What is a Pediatric Dentist?
Pediatric Dentistry is a dental specialty that provides comprehensive, preventative, and therapeutic oral health care for infants, children, adolescents, and teens. This includes those patients with special health care needs as well. A pediatric dentist is required to complete an extra two to three year residency program after dental school. This includes additional training in child psychology, behavior management, growth and development, facial injuries, restorative dentistry, orthodontics, and preventive care. In addition, a pediatric dentist is qualified to perform conscious sedations and hospital dentistry.
What will happen at my child's first visit?
Because each child has different needs, all patients are first seen for a consultation prior to any appointments to render treatment. At this initial visit, a patient may also have a cleaning and fluoride treatment performed, and/or x-rays taken. X-rays may be indicated to diagnose tooth decay, as well as monitor the development and eruption of teeth. Dr. Elvington will evaluate your child and discuss any treatment needs he or she may have. She will also discuss the manner of treatment to give your child the best possible dental experience.
Do I stay with my child during the dental visit?
We invite you to come back to the treatment room with your child for visits in our office. However, due to limited space in our treatment rooms, we can only allow one parent back with each child. During the initial and routine check-up appointments, this will give Dr. Elvington and her staff the opportunity to discuss any dental findings and necessary treatment your child may have directly with you.
What if my child is very young, anxious, or needs extensive work done?
Dr. Elvington will evaluate and discuss with you the best way to address your child's needs. It is important to consider many factors, including age, size, health history, level of anxiety (if any), and extent of treatment needed. Services offered include treatment with nitrous oxide ("laughing gas"), conscious sedation in the office, or outpatient surgery under general anesthesia. Both nitrous oxide and conscious sedation aid in calming a child, allowing our staff to provide quality dental care. However, some of our patients, due to a young age, extensive or urgent dental needs, health concerns, or severe anxiety may have their treatment rendered in a hospital setting where they are completely asleep (general anesthesia). These options will be discussed with you following your child's initial dental examination.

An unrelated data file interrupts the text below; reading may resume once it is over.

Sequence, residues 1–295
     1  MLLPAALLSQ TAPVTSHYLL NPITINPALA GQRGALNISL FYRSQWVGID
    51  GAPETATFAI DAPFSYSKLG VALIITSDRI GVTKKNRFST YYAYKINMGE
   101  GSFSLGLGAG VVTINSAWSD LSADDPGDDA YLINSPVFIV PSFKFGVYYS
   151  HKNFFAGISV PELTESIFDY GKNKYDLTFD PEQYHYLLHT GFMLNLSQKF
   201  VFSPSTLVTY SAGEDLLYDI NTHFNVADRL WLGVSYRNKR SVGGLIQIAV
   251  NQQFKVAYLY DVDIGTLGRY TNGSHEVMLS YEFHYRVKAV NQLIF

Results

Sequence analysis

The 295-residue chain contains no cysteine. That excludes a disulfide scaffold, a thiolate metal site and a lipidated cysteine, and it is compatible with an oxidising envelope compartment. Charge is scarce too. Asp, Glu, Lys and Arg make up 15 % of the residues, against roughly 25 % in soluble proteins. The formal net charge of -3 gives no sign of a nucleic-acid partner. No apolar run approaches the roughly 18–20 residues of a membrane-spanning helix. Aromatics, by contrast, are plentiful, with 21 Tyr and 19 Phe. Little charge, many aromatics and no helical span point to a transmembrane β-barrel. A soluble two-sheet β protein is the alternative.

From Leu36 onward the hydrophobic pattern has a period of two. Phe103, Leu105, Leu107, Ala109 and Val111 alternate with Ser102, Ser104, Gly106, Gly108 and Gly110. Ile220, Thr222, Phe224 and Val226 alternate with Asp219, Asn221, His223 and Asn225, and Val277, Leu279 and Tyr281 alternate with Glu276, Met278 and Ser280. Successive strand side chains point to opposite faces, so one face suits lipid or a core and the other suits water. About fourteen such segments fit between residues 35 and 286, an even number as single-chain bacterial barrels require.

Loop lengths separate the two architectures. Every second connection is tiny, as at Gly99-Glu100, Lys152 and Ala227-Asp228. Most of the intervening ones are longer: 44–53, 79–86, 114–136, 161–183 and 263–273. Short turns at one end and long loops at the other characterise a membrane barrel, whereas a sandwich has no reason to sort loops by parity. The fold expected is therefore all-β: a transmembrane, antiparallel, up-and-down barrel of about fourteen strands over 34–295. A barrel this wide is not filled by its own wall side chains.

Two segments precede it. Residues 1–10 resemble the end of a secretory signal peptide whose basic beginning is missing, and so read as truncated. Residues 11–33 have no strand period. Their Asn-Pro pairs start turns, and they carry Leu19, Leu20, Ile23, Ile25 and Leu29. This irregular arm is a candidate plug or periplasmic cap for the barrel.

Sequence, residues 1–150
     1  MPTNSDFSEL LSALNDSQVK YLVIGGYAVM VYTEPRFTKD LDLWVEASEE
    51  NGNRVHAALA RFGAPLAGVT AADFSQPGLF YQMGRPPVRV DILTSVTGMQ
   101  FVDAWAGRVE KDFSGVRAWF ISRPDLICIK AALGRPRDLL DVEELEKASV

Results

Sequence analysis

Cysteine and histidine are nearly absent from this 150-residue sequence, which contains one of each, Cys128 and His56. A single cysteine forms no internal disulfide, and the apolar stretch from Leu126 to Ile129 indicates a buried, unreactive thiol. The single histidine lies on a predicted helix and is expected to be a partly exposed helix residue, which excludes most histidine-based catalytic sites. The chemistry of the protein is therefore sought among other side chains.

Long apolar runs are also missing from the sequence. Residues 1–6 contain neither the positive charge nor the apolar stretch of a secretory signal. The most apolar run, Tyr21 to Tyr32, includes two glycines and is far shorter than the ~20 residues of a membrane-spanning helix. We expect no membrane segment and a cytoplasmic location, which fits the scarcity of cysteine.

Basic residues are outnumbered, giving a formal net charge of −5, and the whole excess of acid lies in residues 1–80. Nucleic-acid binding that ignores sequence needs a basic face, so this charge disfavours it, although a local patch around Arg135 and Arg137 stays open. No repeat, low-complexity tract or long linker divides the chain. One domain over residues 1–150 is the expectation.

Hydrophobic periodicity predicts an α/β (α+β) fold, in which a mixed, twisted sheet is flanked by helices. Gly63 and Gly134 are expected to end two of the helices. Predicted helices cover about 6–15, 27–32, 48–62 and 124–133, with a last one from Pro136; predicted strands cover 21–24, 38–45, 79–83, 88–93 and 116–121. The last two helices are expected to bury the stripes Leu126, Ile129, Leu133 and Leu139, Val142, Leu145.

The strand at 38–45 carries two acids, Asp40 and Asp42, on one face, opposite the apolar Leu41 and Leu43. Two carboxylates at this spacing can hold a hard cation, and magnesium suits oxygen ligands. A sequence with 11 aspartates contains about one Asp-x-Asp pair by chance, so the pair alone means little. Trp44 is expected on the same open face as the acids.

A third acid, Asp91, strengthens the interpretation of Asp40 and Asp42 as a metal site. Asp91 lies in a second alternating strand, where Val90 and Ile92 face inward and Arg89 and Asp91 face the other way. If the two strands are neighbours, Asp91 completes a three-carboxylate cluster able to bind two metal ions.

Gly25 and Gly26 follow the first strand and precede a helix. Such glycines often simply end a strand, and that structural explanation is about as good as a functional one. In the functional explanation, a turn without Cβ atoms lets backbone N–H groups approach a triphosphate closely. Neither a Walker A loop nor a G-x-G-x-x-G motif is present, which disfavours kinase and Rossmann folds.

When to see the dentist?
The American Academy of Pediatric Dentistry (AAPD) recommends that a child be seen for a first dental visit by age one. For more information about year one dental healthcare, check out our brochure, called "Get it Done in Year One".
How can I prevent cavities?
- Brush your child’s teeth for him twice a day, especially before bedtime. This should continue to around age 8, when your child may be able to begin to brush without assistance, depending on the maturity and hand coordination of your child. However, supervision should continue into adolescence.
- Floss your child's teeth daily. Floss reaches the areas in between the teeth that the toothbrush cannot.
- Have regular dental checkups- at least every six months. This is especially important for children because a small cavity can become a large cavity very quickly.
- Try to limit the frequency of snacks between meals. Even snacks that you don't think of as "sweets" (crackers, potato chips, etc) can stick in the teeth and cause cavities. Also, water is the best thing to drink between meals, as fruit juices, soft drinks, sweet tea, etc. can also cause tooth decay.
- Do not put your child to bed at night with a bottle or sippy cup in his mouth. This is the number one cause of early childhood caries, or "baby bottle tooth decay."
- Talk to your dentist about having sealants placed on the teeth. A sealant is a protective coating that is painted on the grooves of the teeth that helps make them more resistant to decay. This is most often done on the permanent teeth, usually when the 6-year molars begin to come in.